DP14025 When the U.S. catches a cold, Canada sneezes: a lower-bound tale told by deep learning

Author(s): Vadym Lepetyuk, Lilia Maliar, Serguei Maliar
Publication Date: September 2019
Date Revised: February 2020
Keyword(s): central banking, clustering analysis large-scale model, deep learning, Machine Learning, neural networks, New Keynesian Model, supervised learning, ToTEM, ZLB
JEL(s): C61, C63, C68, E31, E52
Programme Areas: Monetary Economics and Fluctuations
Link to this Page: cepr.org/active/publications/discussion_papers/dp.php?dpno=14025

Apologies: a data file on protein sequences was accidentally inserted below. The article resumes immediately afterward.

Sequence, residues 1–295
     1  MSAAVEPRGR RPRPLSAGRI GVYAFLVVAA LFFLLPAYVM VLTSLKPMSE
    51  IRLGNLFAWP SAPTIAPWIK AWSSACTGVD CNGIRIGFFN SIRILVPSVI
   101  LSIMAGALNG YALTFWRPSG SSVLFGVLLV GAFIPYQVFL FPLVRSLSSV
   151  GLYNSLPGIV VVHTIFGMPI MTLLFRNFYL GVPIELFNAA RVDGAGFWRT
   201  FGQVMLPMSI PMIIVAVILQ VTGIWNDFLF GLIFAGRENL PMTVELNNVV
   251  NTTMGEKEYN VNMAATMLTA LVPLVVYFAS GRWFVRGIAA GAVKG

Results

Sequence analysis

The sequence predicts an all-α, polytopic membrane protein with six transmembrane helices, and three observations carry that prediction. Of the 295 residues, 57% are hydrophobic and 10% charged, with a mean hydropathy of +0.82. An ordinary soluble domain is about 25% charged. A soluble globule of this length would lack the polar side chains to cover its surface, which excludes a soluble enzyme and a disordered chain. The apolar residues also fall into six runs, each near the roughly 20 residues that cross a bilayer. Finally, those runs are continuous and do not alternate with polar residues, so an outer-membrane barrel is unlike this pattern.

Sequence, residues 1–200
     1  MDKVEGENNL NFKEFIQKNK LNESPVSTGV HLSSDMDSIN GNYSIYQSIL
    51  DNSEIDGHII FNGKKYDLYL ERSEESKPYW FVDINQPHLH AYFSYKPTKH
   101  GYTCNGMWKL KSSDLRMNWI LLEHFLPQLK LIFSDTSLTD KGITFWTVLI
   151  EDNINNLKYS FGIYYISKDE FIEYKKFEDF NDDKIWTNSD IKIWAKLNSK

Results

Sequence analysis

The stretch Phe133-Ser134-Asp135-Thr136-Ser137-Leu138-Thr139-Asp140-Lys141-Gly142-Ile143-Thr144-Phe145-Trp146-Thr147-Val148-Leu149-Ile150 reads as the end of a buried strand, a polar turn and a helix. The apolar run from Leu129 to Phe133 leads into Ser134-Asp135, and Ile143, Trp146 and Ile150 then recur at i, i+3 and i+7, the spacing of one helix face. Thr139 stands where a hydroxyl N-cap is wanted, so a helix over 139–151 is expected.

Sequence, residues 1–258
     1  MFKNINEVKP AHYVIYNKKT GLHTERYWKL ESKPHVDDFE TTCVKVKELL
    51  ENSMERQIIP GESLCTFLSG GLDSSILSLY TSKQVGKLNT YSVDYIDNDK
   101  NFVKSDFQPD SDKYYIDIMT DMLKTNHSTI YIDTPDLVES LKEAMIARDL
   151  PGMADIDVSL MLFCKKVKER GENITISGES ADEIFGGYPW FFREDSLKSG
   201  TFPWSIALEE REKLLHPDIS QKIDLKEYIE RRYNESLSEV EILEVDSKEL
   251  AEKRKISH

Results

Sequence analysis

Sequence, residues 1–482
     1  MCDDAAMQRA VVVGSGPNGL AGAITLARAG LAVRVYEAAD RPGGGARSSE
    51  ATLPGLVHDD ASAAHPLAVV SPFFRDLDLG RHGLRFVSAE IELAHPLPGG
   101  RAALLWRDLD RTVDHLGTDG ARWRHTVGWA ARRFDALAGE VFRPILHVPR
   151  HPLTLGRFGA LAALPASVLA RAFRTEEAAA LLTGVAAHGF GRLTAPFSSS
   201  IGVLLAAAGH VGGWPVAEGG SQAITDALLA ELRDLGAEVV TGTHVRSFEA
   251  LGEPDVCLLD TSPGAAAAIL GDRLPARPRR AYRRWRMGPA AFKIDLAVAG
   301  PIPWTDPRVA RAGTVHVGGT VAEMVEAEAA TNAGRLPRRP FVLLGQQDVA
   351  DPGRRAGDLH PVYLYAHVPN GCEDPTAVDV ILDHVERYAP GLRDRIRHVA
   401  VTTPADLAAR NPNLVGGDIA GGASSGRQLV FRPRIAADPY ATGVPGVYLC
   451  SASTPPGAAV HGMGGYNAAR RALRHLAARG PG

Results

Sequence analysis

The Canadian economy was not initially hit by the 2007-2009 Great Recession but ended up having a prolonged episode of the effective lower bound (ELB) on nominal interest rates. To investigate the Canadian ELB experience, we build a "baby" ToTEM model -- a scaled-down version of the Terms of Trade Economic Model (ToTEM) of the Bank of Canada. Our model includes 49 nonlinear equations and 21 state variables. To solve such a high-dimensional model, we develop a projection deep learning algorithm -- a combination of unsupervised and supervised (deep) machine learning techniques. Our findings are as follows: The Canadian ELB episode was contaminated from abroad via large foreign demand shocks. Prolonged ELB episodes are easy to generate with foreign shocks, unlike with domestic shocks. Nonlinearities associated with the ELB constraint have virtually no impact on the Canadian economy but other nonlinearities do, in particular, the degree of uncertainty and specific closing condition used to induce the model's stationarity.